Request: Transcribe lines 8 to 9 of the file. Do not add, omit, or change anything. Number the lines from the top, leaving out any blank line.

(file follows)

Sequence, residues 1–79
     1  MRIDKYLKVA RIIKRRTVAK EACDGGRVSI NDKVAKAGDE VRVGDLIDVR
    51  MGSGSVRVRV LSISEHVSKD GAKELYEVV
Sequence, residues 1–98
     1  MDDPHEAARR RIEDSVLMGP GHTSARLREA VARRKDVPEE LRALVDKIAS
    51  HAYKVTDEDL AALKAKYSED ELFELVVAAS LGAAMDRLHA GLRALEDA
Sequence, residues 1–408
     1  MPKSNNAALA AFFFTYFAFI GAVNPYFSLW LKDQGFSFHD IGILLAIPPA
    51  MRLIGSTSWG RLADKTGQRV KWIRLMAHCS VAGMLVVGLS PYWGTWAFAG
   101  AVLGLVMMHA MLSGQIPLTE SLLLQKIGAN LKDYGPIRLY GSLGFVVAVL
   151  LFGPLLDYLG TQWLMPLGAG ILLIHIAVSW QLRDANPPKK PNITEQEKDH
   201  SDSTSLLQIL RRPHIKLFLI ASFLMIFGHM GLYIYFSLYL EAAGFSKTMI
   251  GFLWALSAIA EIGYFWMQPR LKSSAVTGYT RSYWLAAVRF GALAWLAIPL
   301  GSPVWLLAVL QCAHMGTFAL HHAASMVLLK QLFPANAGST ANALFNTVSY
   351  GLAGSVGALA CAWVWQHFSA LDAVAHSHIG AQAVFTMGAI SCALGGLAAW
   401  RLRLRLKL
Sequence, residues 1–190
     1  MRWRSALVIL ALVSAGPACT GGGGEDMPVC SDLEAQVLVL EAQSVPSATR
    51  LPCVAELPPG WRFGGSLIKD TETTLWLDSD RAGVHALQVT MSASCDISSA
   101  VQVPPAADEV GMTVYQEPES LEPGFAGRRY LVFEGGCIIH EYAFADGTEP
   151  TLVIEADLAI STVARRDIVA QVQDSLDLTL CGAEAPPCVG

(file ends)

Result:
     1  MPKSNNAALA AFFFTYFAFI GAVNPYFSLW LKDQGFSFHD IGILLAIPPA
    51  MRLIGSTSWG RLADKTGQRV KWIRLMAHCS VAGMLVVGLS PYWGTWAFAG